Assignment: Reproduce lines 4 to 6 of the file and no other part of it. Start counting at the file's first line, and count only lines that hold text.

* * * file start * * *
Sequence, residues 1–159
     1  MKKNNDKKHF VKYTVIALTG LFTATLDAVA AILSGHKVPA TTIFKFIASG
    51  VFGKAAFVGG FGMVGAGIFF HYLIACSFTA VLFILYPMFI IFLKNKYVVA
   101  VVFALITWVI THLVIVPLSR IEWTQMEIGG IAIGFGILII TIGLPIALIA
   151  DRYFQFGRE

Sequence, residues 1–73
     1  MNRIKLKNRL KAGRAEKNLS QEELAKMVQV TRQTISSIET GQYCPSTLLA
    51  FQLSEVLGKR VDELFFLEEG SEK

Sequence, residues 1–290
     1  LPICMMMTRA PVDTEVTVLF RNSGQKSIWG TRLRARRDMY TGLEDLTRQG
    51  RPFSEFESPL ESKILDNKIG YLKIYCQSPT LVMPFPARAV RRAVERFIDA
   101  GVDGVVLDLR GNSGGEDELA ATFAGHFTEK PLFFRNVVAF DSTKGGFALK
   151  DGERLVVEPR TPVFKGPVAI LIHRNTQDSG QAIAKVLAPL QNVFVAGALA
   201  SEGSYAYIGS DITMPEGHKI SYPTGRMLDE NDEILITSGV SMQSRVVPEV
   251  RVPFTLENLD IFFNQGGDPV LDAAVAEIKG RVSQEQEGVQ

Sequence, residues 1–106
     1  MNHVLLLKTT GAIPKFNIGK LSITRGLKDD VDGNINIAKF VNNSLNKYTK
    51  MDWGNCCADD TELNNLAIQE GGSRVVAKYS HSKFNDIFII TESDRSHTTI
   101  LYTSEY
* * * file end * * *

   101  VVFALITWVI THLVIVPLSR IEWTQMEIGG IAIGFGILII TIGLPIALIA
   151  DRYFQFGRE

Sequence, residues 1–73